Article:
Aged Hops

         by Mike Retzlaff

The brewing of many sour beers including Berliner Weiss, Gose, Lichtenhainer, & Lambic styles requires planning ahead.  Such beers really need well aged hops.  These beers have no hop aroma or flavor, and very little bitterness.  The hops are there only for their preservative power.  Such beers rely on a bacterial inoculation to provide their distinctive sourness.  Normal hopping rates inhibit bacterial growth and would make these styles un-brewable.

It is the lupulin in hops which provides stability to beer through its anti-bacterial properties.  Normal use of hops has the added bonus of aroma and flavor.

Leaf hops are the traditional and preferred form although pellets will work.  Most of us have found an old packet of hops that sat in a cupboard or on a shelf in the garage and were forgotten.  When opened, they were cheesy smelling and I don’t mean like a fine, sharp cheddar!  When hops oxidize, some of the hop oils revert into a soft resin, the soft into a hard resin, and eventually pass into isovaleric acid.  This is the cheesy smell.  If left exposed to air for a longer period, the cheesy smell eventually goes away and the hops are ready for the kettle.

If you have hops which have degraded to the point of losing their color and most of their aroma, these would be fine candidates for further aging.  There are a few ways to accomplish the aging.

  1. The traditional way is to age them for 2½ to 3 years.
  2. Take your hops out of any packaging and dump them in a brown paper bag.  Roll the top of the bag and staple it shut or close it with a binder clip.  Use a ball point pen to identify the contents and date before putting the bag in your attic.  The heat generated up there will usually do the trick in a few months.  (Don’t use a magic marker as it will transfer its odor into your hops.)
  3. Put fresh hops on a cookie sheet and bake them @ 300o F for an hour.  Afterward, leave them out in open air for 2 to 3 days.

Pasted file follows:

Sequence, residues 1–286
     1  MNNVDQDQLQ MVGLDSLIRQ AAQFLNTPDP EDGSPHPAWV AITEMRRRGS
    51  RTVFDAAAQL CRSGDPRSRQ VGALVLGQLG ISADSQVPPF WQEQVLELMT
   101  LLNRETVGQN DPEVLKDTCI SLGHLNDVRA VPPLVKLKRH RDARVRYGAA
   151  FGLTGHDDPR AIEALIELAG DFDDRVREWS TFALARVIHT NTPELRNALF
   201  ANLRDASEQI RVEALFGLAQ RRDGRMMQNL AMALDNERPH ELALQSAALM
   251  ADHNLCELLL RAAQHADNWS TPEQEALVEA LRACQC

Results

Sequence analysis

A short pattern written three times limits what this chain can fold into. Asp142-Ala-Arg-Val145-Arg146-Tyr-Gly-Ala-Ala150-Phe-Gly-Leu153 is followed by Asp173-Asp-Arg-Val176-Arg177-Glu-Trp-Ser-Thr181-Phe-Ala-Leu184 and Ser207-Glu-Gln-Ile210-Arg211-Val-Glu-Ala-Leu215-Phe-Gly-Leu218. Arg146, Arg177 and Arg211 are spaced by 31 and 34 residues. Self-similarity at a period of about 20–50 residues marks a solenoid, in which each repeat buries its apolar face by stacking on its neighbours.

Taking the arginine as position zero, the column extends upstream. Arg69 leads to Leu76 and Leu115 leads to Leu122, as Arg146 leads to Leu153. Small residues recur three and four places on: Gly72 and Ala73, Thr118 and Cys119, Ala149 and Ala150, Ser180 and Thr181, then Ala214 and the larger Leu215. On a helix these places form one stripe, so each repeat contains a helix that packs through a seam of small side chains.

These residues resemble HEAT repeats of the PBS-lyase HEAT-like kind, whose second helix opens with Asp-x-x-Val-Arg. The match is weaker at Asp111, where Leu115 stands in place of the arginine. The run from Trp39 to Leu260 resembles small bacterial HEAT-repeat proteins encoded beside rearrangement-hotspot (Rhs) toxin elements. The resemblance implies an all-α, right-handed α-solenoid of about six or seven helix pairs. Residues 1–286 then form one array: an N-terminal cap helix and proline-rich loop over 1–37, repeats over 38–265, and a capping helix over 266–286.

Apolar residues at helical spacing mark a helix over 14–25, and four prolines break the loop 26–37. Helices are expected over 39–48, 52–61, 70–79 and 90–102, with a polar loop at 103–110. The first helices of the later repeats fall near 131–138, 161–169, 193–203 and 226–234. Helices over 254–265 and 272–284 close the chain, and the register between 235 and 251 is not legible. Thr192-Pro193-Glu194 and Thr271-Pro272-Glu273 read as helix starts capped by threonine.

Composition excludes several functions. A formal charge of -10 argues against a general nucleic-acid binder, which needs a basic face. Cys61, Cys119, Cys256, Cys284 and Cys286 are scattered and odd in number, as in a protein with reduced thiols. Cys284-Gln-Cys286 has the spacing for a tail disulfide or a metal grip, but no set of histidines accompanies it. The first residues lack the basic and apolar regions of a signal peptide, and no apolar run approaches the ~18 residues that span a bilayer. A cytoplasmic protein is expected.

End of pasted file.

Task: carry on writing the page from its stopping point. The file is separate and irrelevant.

In less than a year, “normal” hops will lose a third to a half of their bittering qualities if stored at room temperature.  Some hops have really poor keeping qualities and won’t last that long.  Start with low alpha acid hops like Hallertau and Goldings instead of the big boys such as Citra and Columbus as there is a smaller amount of resins to deteriorate.

The use of aged hops in a boiling wort can require four to six times the normal quantity.  Remember that you are using them for their preservative properties instead of for bitterness, flavor, and aroma.  It is not uncommon to use four or more ounces in a five gallon batch.

IBUs will drop slightly as the beer ferments.  During the aging process (either in bottle or cask), the preservative components of hops can break down.  Brettanomyces, if used, will eat some of the hop resins and the bacteria will then eat whatever the yeast couldn’t.

If you have no desire to brew sour beers and have some old hops stuffed away in a box, on a shelf, or even in the back of your freezer, don’t throw them away!  If you don’t want to use them, give them to a fellow brewer at a club meeting.  CCH has several sour beer brewers and any of them will surely appreciate your gift and put it to good use.  Your gift might even inspire someone to try brewing sour beer!  If there is enough buzz among the members, perhaps a group might get Neil to designate a sour beer Brew Off . . . who knows?

Fresh Hops

 Aged Hops

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